Bulimia nervosa: the disorder of binge eating and vomiting
Bulimia nervosa is an eating and psychological disorder.
1. Diagnosis of Bulimia nervosa
bulimic syndrome is an eating disorder characterized by abnormal eating patterns, with episodes of massive food intake followed by maneuvers to eliminate those calories. Following these episodes, the subject usually feels sad, moody, and has feelings of self-pity.
This disorder presents a higher incidence rate among western women between 18 and 25 years old , coming from any sociocultural stratum.
Although bulimia nervosa encounters certain diagnostic difficulties, the criteria provided by the DSM-IV and the ICD-10 are very useful. According to the DSM-IV, these are the diagnostic criteria :
- Presence of binge eating , characterized by the ingestion of a food in a short period of time, and the feeling of loss of control over its intake.
- Inappropriate and repeated compensatory behaviors that aim at not increasing body weight. These behaviors include provocation of vomiting, use of laxatives, diuretics, enemas, fasting, and inappropriate exercise.
- Binge eating and compensatory behaviors are observed at least twice a week for a period of three months.
- Self-assessment is significantly influenced by body weight and shape.
1.1. Types of Bulimia nervosa
During the bulimia nervosa episode, the subject regularly makes himself vomit or uses laxatives, diuretics or enemas. In this way, the subject intervenes on his or her own body once food has been eaten.
During the bulimic episode, the individual uses other inappropriate compensatory behaviors, such as fasting or excessive exercise , but does not resort to purgative methods. In this way, the aim is to prevent the ingestion of food (at least in the short term) or to ensure that the effects of this ingestion do not become too apparent in the body. through an obsessive tendency to exercise.
2. Bulimia Nervosa Clinic
2.1. Behavioural alterations
The person affected by bulimic disorder generally exhibits disorganized behavior, initially only related to eating, but later in other facets of his life as well. The behavioral pattern associated with eating is disorganized and unpredictable, unlike in the case of Anorexia .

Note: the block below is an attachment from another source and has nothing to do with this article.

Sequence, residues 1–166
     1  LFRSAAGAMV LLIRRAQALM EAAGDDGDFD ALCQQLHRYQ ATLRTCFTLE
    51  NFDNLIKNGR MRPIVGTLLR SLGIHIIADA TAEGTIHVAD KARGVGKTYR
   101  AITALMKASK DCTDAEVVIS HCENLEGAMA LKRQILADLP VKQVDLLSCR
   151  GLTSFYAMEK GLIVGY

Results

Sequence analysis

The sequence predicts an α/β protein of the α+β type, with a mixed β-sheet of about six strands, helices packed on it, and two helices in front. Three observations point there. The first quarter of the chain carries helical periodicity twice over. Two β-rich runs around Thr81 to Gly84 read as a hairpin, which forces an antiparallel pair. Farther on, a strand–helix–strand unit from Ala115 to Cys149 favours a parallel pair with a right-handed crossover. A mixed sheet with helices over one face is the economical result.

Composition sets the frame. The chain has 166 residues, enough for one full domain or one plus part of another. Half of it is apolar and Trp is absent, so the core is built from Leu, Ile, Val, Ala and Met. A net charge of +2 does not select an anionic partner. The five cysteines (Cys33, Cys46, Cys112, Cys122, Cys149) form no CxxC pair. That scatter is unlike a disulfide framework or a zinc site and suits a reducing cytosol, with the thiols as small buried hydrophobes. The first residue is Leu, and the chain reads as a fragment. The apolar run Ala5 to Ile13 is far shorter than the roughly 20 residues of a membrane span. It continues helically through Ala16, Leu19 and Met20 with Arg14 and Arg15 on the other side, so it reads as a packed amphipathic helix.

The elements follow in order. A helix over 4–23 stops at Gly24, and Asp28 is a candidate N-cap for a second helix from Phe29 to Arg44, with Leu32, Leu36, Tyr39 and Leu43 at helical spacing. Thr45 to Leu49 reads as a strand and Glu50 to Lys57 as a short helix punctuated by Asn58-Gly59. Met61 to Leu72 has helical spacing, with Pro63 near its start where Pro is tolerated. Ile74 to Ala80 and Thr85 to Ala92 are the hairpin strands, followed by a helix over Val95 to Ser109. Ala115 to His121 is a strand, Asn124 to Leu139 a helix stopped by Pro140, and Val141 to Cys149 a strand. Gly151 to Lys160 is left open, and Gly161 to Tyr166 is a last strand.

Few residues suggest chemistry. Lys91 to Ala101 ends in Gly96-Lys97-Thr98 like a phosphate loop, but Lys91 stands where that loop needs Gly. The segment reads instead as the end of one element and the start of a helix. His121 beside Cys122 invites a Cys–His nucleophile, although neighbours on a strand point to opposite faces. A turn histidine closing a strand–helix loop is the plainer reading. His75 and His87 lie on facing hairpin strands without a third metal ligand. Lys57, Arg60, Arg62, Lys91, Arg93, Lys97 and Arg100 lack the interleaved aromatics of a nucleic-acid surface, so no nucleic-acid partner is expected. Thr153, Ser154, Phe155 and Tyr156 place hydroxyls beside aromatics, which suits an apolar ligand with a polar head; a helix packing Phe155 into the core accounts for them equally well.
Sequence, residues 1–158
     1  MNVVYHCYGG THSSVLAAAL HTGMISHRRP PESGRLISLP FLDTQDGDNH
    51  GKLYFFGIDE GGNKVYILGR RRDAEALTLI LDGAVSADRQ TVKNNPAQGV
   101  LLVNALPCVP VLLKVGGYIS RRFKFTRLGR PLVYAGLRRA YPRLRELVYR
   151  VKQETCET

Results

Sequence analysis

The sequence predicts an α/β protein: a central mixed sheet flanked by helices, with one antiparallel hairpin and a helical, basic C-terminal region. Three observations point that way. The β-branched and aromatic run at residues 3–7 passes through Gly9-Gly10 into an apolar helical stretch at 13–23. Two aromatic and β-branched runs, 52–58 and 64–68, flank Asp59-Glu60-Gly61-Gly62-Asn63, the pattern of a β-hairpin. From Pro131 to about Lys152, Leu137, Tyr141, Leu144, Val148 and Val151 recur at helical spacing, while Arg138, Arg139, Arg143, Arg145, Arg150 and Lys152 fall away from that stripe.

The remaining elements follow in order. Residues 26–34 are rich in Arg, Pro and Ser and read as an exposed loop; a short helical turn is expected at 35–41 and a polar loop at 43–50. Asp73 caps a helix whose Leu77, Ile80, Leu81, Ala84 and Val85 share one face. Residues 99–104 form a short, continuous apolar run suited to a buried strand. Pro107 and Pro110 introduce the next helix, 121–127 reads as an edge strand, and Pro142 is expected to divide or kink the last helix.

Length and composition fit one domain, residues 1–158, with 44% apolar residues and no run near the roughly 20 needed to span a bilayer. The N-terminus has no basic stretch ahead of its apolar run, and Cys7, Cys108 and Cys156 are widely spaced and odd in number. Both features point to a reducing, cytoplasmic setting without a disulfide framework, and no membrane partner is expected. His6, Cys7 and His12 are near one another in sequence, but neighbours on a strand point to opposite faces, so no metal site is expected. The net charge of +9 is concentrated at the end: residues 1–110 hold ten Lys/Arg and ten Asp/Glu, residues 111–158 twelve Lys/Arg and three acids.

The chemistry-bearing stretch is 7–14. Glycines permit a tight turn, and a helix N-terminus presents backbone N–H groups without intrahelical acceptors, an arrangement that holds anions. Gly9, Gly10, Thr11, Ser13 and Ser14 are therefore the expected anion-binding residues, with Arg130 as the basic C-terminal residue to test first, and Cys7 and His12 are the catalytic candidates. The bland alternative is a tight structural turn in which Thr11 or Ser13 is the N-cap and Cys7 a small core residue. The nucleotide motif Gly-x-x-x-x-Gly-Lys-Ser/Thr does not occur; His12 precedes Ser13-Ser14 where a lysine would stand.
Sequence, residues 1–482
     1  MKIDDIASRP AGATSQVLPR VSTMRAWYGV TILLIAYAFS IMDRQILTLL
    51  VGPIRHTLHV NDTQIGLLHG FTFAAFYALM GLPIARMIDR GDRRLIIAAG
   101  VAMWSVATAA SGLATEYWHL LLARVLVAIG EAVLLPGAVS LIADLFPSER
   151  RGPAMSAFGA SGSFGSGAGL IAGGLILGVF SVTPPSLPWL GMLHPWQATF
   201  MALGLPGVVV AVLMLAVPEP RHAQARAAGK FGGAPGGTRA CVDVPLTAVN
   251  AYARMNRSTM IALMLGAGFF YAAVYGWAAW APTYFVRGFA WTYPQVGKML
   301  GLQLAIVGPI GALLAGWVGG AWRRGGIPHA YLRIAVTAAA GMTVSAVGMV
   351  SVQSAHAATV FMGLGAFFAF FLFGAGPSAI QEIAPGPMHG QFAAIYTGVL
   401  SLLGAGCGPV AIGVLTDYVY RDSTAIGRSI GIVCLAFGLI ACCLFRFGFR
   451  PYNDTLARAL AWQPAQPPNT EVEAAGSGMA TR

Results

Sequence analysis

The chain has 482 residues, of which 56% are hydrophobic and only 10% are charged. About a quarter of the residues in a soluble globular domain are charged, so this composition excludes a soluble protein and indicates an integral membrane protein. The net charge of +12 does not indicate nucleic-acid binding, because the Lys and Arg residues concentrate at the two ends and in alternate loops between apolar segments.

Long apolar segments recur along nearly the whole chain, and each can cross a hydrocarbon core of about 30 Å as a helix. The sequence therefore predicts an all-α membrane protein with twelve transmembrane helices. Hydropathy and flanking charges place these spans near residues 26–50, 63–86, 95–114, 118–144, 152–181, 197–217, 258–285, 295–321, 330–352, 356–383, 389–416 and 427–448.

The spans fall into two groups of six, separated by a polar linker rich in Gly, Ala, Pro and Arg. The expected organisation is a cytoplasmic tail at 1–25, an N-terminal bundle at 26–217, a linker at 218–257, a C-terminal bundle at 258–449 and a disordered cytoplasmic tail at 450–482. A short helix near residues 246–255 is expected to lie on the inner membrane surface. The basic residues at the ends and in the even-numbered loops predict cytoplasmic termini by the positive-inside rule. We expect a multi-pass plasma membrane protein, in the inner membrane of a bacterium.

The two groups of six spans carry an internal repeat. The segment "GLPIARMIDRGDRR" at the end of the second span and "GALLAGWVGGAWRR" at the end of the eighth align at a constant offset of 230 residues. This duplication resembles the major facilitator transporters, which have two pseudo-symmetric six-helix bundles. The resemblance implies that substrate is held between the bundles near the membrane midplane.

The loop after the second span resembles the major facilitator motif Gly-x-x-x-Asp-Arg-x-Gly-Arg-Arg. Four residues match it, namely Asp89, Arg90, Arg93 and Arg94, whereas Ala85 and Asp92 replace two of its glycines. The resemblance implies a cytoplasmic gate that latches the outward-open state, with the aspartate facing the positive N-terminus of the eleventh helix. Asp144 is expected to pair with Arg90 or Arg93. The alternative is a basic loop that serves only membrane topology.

Bingeing can vary in frequency depending on mood and availability. Purging behaviors are not regular and the fear of weight gain is contingent on mood or other circumstances.
2.2. Purging behaviour
After episodes of heavy eating, those with bulimia become aware that the food they eat will cause them to gain weight; this possibility terrifies them, creates anxiety, and they resolve these thoughts by eliminating the food they eat through provoked vomiting, laxative abuse, diuretics, or intense physical exercise.
The most common behavior is the provocation of vomiting, and the least common, the consumption of diuretics.In addition, vomiting and laxatives are often linked methods.
2.3. Alterations in cognition
The bulimic patient, like the anorexic, has altered thoughts about food, body weight, and shape. Both pathologies show a great rejection to the possibility of being overweight or obese.
Some bulimic patients come from anorexia nervosa when, as the disorder becomes chronic, it progresses to bulimia. At this point, they go from strict control of their diet to intermittent control, with the appearance of binge eating and purging behaviors.
3. Psychopathologies associated with Bulimia nervosa
Most people who develop a bulimic-type eating disorder show extensive associated psychopathology. Depression is the disorder most frequently associated with bulimia, although bulimic patients have also been found to score high on anxiety scales.
It is also very common for patients with this psychological disorder to present typical characteristics of Body Dysmorphic Disorder , which, although it does not focus solely on weight or fat accumulation, generates an obsession with one’s own appearance.
4. Medical complications associated with bulimia nervosa
There is a general symptomatology that is likely to occur in most people affected by bulimia nervosa. This set of symptoms is nonspecific and generally does not allow the disorder to be identified from these data. Apathy, fatigue, sleep disturbance, and irritability may accompany loss of academic or work performance and neglect of personal care.
In the exploration of the patients in the first stages of the disease, slight abdominal distensions with constipation, hypertrophy of the parotid glands, wear on the dental enamel and abrasions on the back of the hands can already be seen.
Complications in the cardiovascular system include hypokalemia, which can produce severe alterations in the ECG, with dire consequences. This high risk factor is due to the loss of potassium in the blood caused by regular purging.
As for the endocrine system , patients with bulimia may have a normal menstrual cycle, but it is not uncommon for them to have irregularities or even amenorrhea , with low rates of estradiol and progesterone.
5. Treatment of Bulimia nervosa: objectives
In a particularly summary fashion, these are the main therapeutic goals for bulimia nervosa:
- Restoring healthy nutritional guidelines .
- Recovery of physical condition : stabilization of body weight, rehydration, correction of physical defects.
- Normalization of psychic state : improvement of mood, treatment for possible personality disorders, avoidance of substance abuse, correction of dysfunctional cognitive style.
- Restoring family relationships : increasing participation, communication and restoring functional patterns and roles.
- Correction of the patterns of social interaction : accepting the disorder, facing the failures, accepting the responsibility, rejecting denigrating social frameworks.
- Jarne, A. and Talarn, A. (2011). Manual of clinical psychopathology . Madrid: Herder
- Sarason, I.G. and Sarason, B.R. (2006). Psychopathology . Pearson Prentice Hall.